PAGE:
In last night's Democratic debate, John Edwards distinguished himself from the other two candidates with his strong position in opposition to nuclear power as the answer to global climate change and/or energy independence. Yes, there are those who think this is the way to go but John Edwards and millions of other Americans don't agree.
EDWARDS: Well, I’m opposed to Yucca Mountain. I will end it for all the reasons that have already been discussed, because of the science that’s been discovered, because apparently some forgery of documents that’s also been discovered — all of which has happened in recent years.
EDWARDS: But I want to go to one other subject on which the three of us differ. And that is the issue of nuclear power.
I’ve heard Senator Obama say he’s open to the possibility of additional nuclear power plants. Senator Clinton said at a debate earlier, standing beside me, that she was agnostic on the subject.
I am not for it or agnostic. I am against building more nuclear power plants, because I do not think we have a safe way to dispose of the waste. I think they’re dangerous, they’re great terrorist targets and they’re extraordinarily expensive.
They are not, in my judgment, the way to green this — to get us off our dependence on oil.
WILLIAMS: Tim Russert?
CLINTON: Well, John, you did vote for Yucca Mountain twice, and you didn’t respond to that part of the question.
EDWARDS: I did respond to it. I said the science that has been revealed since that time and the forged documents that have been revealed since that time have made it very — this has been for years, Hillary. This didn’t start last year or three years ago. I’ve said this for years now — have revealed that this thing does not make sense, is not good for the people of Nevada, and it’s not good for America.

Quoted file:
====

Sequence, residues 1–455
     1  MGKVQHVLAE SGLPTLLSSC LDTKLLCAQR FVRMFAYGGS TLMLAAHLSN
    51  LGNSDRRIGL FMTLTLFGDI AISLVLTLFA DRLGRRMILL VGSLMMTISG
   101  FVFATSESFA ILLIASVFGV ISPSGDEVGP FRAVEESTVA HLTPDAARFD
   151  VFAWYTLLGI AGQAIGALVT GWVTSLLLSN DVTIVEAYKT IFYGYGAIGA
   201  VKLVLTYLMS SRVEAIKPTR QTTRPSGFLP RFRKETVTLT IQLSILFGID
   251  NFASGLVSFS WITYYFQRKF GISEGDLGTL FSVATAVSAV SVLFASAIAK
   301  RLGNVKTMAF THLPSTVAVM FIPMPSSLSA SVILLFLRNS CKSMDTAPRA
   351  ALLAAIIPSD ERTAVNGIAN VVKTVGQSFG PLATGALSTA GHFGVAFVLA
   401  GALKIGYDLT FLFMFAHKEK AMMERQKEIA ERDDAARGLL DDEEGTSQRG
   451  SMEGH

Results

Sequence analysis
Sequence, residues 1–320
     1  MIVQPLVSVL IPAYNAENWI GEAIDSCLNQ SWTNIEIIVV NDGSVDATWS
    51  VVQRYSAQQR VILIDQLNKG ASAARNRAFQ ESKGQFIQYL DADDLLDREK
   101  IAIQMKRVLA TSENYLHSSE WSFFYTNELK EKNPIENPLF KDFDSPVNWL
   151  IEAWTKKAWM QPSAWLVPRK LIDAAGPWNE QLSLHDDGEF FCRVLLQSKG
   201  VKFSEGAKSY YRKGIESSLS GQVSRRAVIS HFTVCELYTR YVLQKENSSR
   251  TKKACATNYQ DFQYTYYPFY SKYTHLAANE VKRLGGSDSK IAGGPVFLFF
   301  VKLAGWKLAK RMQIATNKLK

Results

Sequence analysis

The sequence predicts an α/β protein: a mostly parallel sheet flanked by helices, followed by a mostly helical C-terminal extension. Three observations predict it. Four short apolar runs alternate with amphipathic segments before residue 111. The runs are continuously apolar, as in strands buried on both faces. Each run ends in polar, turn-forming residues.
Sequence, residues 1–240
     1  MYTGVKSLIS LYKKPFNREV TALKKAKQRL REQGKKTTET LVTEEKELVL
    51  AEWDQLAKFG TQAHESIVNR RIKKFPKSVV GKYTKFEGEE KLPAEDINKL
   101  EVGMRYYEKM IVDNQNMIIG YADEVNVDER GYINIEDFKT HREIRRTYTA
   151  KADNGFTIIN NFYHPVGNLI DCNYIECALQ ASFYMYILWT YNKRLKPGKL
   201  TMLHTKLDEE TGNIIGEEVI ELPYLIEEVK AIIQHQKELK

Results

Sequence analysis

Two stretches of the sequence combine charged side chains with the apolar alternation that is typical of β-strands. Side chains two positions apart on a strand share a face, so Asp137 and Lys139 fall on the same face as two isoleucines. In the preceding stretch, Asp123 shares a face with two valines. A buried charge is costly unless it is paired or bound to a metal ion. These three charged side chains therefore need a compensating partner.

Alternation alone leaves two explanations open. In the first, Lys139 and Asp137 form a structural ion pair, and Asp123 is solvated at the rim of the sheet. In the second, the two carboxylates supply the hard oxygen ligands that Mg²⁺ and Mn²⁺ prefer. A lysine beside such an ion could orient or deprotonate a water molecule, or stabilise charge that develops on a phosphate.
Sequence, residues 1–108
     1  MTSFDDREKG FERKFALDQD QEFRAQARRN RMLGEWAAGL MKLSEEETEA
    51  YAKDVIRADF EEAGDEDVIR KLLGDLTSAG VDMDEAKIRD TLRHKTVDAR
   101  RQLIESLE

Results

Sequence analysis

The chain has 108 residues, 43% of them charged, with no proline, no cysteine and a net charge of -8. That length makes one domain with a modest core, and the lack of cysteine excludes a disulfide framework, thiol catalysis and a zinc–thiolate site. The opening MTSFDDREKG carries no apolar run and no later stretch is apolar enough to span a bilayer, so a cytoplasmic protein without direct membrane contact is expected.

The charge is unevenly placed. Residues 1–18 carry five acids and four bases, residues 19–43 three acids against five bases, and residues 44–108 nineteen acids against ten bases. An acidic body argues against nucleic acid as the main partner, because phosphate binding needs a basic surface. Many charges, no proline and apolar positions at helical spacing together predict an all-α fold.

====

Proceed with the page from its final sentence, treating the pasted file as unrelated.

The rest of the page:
Which, by the way, is also why I am opposed to building more nuclear power plants.
RUSSERT: I want to pick up on that.
Senator Obama, a difference in this campaign: You voted for the energy bill in July of 2005; Senator Clinton voted against it.
That energy bill was described by numerous publications, quote, "The big winner: nuclear power." The secretary of energy said this would begin a nuclear renaissance.
We haven’t built a nuclear power plant in this country for 30 years. There are now 17 companies that are planning to build 29 plants based on many of the protections that were provided in that bill, and incentives for licensee construction operating cost.
Did you realize, when you were voting for that energy bill, that it was going to create such a renaissance of nuclear power?
OBAMA: Well, the reason I voted for it was because it was the single largest investment in clean energy — solar, wind, biodiesel — that we had ever seen. And I think it is — we talked about this earlier — if we are going to deal with our dependence on foreign oil, then we’re going to have to ramp up how we’re producing energy here in the United States.
Now, with respect to nuclear energy, what I have said is that if we could figure out a way to provide a cost-efficient, safe way to produce nuclear energy, and we knew how to store it effectively, then we should pursue it because what we don’t want is to produce more greenhouse gases. And I believe that climate change is one of the top priorities that the next president has to pursue.
Now, if we cannot solve those problem, then absolutely, John, we shouldn’t build more plants. But part of what I want to do is to create a menu of energy options, and let’s see where the science and the technology and the entrepreneurship of the American people take us.
That’s why I want to set up a cap and trade system. We’re going to cap greenhouse gases. We’re going to say to every polluter that’s sending greenhouse gases in the atmosphere, "We’re going to charge you a dollar — we’re going to charge you money for every unit of greenhouse gas that you send out there." That will create a market. It will generate billions of dollars that we can invest in clean technology.
And if nuclear energy can’t meet the rigors of the marketplace — if it’s not efficient and if we don’t solve those problems — then that’s off the table. And I hope that we can find an energy mix that’s going to deliver us from the kinds of problems that we have right now.
RUSSERT: Senator Clinton?